What Makes a Cold Calling Program Successful?

 

Legal Social Media, Inc. is a firm that writes Facebook entries, blogs and tweets for personal injury law firms.

 

This is a cutting edge service offered by a small, yet successful firm. The company had always acquired clients through word of mouth, and decided to broaden its reach by using outbound cold callers.

 

Legal Social Media was new to outbound B2B cold calling. This is how the firm structured the campaign:

  1. The list: The firm ordered a list of small personal injury law firms, with practices comprised of 2-3 attorneys.
  2. The message: Legal Social Media used a fairly compelling message, essentially: you need to use social media to get your next clients, or your competitors will get them first.
  3. The offer: The firm chose not to include a special offer, such as “first month free,” or “first twitter account free for every Facebook account.”
  4. The callers: The calling team was competent and had experience targeting attorneys.

The campaign’s primary objective was to set telephone appointments. the second objective was to send emails to interested firms with the goal of making a telephone follow-up to set a time to talk.

 

In the first 25 hours, Legal Social Media set 1 telephone appointment which did not result in a sale. Their firm also sent 12 emails to law offices, but could not reach the attorney decision makers after sending the emails in the short remaining time.

 

After these 25 hours, Legal Social Media decided to stop the program. The company concluded they would not produce a sufficiently high ROI, based on these early results.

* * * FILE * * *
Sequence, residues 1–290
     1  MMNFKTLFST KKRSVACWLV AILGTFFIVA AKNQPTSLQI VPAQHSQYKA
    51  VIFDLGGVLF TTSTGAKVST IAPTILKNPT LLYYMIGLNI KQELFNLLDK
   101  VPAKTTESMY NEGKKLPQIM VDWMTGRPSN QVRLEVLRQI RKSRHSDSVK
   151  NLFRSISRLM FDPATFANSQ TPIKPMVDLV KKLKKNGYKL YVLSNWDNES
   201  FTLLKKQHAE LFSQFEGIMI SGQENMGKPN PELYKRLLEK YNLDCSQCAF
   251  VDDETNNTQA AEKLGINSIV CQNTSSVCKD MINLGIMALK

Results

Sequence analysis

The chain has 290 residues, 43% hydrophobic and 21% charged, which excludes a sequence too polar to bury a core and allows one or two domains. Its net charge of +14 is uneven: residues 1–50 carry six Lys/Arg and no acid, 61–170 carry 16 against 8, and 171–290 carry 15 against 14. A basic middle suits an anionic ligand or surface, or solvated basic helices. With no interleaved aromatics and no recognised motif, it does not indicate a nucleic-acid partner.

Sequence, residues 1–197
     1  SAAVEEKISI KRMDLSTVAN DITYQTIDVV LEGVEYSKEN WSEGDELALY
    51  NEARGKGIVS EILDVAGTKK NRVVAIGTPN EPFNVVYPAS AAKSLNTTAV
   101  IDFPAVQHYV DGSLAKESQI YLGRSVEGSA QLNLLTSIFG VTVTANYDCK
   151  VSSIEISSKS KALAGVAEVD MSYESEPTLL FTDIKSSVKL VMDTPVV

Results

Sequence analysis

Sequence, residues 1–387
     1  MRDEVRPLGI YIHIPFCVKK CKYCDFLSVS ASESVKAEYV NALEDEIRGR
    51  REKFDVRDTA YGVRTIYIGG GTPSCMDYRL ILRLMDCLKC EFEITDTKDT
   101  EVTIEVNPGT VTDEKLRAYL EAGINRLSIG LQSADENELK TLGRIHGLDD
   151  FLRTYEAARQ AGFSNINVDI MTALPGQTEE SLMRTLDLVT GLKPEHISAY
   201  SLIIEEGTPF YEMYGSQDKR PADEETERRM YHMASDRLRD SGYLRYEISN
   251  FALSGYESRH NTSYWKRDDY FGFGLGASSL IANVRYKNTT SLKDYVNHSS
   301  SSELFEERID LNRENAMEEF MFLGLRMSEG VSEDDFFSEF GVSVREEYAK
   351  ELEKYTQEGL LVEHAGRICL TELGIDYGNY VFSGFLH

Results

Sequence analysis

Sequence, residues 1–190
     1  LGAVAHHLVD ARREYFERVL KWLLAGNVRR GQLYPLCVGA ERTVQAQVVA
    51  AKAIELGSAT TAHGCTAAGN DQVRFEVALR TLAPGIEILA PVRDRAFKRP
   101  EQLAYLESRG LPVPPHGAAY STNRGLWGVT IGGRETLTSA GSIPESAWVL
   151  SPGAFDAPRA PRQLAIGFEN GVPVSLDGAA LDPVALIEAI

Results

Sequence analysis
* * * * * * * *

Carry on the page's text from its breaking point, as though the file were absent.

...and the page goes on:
So, what happened? Was Legal Social Media right to stop the program? Here’s my analysis of the campaign:

  1. Regarding the calling list, it turns out the decision makers were the attorneys themselves. Talking directly to attorneys requires multiple phone calls, and thus meant Legal Social Media would need to spend more time and money than budgeted.
  2. The message was fairly compelling, but just not strong enough. This is a cutting edge service and attorneys are slow to adopt new products and services.
  3. The lack of an offer hurt. Perhaps if there had been a special offer to sway a few more decision makers into scheduling a telephone meeting, more attorneys may have stopped to listen. Without an offer, and with already busy schedules, attorneys didn’t see a reason to stop their existing work and act now.
  4. The outbound callers were clear, confident and friendly. Unfortunately, they rarely spoke to decision makers or key influencers.

 

This case study is a classic example of a well-planned program that had most of the right ingredients, but overlooked critical factors.

 

Perhaps if Legal Social Media had the budget to continue the program longer term, had created an effective process for converting information seekers into sales, and had incorporated an introductory offer, this program could have proven successful and resulted in a positive ROI.

 

I purposefully used this case study to show how two critical barriers: the willingness to make a long term investment and having strong sales skills, can prevent a potentially successful program from achieving full potential.